Due to spherical aberration, the nanofocus using the uncorrected optics was spoiled by X-rays being partly focused further upstream, highlighted by the arrow in Fig. 4a. This led to unwanted radiation around the focal spot, shown by the solid green line in the focal plane profile of Fig. 4c. Compared to a perfect lens (dashed red line in Fig. 4c), intensities in side lobes were increased by over an order of magnitude. In practice, these side lobes reduce the attainable resolution in X-ray microscopy applications due to an effective spot size broadening, illustrated by the radially integrated intensity profile in Fig. 4d. In addition, the peak intensity in the main focal spot is significantly reduced, as most of the radiation is distributed in the outer lobes.
By installing the tailor-made glasses behind the Be CRLs, the performance of the optics was strongly improved. With the suppression of spherical aberration, most X-rays were now focused within the same focal plane, illustrated by the clean beam caustic in Fig. 4b. This resulted in lowered intensities by an order of magnitude in lobes surrounding the focal spot, shown by the dotted blue line in Fig. 4c, and ultimately a reduced effective focal spot size as shown in Fig. 4d. The corrective glasses transformed the Be CRL optics from an aberrated system into a diffraction-limited hard X-ray optics. While the uncorrected optics could only focus less than 30 % of the radiation compared to the ideal optics (Strehl ratio below 0.3), the corrected focus gathered more than 85 % (Strehl ratio 0.85). At the same time the geometrical aperture and NA of the optics is unaffected.
With this novel scheme, many X-ray optics can be improved in performance beyond current manufacturing limitations. The principle is not only applicable to refractive optics as shown here, but can also be transferred to reflective and diffractive optics as well. As the glasses are very compact and easy to align, they can also be retrofitted to existing beamline optics. This benefits not only the resolution and sensitivity in classical X-ray microscopy schemes, but may also lead to new opportunities for isochoric X-ray heating and non-linear X-ray optics at XFEL sources.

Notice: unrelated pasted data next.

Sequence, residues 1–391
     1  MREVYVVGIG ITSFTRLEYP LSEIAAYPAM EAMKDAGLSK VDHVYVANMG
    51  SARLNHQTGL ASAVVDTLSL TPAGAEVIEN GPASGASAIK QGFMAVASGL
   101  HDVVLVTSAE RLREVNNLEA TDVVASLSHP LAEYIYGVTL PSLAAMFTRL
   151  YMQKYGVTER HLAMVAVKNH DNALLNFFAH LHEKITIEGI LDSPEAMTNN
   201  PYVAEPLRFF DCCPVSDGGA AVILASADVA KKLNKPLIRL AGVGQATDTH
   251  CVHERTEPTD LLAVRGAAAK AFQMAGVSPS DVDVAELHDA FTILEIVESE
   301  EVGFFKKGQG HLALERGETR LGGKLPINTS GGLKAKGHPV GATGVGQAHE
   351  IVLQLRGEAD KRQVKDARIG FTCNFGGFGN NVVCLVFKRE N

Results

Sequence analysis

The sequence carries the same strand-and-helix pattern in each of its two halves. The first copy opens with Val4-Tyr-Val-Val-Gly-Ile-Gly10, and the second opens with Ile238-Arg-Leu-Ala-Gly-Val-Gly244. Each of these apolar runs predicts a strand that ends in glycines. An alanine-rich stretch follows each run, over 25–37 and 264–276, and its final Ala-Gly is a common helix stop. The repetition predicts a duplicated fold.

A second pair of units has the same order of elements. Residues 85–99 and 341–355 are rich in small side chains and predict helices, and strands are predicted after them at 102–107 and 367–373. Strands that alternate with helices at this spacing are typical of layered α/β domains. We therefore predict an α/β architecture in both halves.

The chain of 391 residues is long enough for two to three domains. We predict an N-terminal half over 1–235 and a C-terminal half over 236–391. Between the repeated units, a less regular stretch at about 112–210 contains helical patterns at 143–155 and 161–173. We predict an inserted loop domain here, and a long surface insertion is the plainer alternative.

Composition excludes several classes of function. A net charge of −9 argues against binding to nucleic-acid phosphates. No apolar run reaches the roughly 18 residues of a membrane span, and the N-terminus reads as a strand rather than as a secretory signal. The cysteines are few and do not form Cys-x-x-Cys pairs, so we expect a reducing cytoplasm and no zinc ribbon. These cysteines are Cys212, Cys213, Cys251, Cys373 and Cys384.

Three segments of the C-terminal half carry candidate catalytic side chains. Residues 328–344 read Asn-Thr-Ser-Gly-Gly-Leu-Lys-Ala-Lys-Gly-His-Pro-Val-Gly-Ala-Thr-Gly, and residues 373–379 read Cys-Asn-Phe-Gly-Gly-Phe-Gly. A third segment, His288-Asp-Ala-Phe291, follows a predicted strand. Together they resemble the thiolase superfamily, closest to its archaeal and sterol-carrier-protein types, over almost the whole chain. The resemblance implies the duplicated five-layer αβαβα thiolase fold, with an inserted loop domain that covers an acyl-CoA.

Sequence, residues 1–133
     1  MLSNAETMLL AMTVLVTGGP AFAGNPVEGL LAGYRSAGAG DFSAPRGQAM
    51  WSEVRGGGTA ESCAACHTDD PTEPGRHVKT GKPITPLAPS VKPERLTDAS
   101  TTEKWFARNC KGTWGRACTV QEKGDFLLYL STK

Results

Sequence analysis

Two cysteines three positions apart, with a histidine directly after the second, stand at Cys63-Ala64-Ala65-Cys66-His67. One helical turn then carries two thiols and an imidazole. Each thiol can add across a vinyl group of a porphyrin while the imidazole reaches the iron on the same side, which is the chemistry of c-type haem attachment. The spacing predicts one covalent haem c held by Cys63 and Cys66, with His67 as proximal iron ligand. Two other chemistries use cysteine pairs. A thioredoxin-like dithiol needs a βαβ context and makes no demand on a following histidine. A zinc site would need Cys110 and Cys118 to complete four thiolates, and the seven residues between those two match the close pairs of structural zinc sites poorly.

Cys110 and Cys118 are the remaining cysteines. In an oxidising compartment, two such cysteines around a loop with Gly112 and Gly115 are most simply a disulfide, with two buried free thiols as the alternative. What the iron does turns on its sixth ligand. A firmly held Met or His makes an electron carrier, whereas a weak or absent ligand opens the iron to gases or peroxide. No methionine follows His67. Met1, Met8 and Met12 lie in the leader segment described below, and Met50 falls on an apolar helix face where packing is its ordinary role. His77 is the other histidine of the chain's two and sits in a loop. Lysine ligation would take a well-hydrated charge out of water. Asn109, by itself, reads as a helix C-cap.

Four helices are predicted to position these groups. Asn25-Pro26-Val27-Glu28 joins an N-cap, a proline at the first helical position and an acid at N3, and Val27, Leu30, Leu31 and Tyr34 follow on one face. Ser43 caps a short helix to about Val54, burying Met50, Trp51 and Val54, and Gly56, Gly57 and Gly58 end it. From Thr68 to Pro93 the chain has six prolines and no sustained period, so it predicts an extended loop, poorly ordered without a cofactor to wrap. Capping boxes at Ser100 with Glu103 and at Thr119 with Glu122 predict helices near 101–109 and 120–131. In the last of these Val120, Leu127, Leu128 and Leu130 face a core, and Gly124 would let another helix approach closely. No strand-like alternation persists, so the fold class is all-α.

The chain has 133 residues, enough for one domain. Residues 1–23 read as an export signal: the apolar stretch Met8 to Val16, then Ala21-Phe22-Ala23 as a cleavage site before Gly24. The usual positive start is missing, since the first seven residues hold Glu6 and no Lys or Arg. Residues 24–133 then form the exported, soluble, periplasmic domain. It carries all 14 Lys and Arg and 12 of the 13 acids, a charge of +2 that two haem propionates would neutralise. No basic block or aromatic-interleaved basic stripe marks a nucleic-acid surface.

Funding acknowledgement: This work was supported by the German Ministry of Education and Research (BMBF) under Grant Number 05K13OD2, the DFG under Grant SCHR 1137/1-1 and the Swedish Research Council. Frank Seiboth, Andreas Schropp and Christian Rödel acknowledge funding from a Peter Paul Ewald fellowship of the Volkswagen Foundation. Parts of this research were carried out at the coherence branch of beamline I13 at Diamond Light Source and beamline P06 at PETRA III at DESY, a member of the Helmholtz Association. Use of the Linac Coherent Light Source, SLAC National Accelerator Laboratory, is supported by the US Department of Energy, Office of Science, Office of Basic Energy Sciences under Contract No. DE-AC02-76SF00515. The MEC instrument is supported by the US Department of Energy, Office of Science, Office of Fusion Energy Sciences under Contract No. SF00515.
Seiboth F, Schropp A, Scholz M, Wittwer F, Rödel C, Wünsche, M, Ullsperger T, Nolte S, Rahomäki J, Parfeniukas K, Giakoumidis S, Vogt U, Wagner U, Rau C, Boesenberg U, Garrevoet J, Falkenberg G, Galtier EC, Lee HJ, Nagler B, Schroer CG. Perfect X-ray focusing via fitting corrective glasses to aberrated optics. Nature Communications 8, 14623, doi:10.1038/ncomms14623 (2017).
Diamond Light Source is the UK's national synchrotron science facility, located at the Harwell Science and Innovation Campus in Oxfordshire.
Copyright © 2020 Diamond Light Source
Diamond Light Source Ltd
Harwell Science & Innovation Campus
Diamond Light Source® and the Diamond logo are registered trademarks of Diamond Light Source Ltd
Registered in England and Wales at Diamond House, Harwell Science and Innovation Campus, Didcot, Oxfordshire, OX11 0DE, United Kingdom. Company number: 4375679. VAT number: 287 461 957. Economic Operators Registration and Identification (EORI) number: GB287461957003.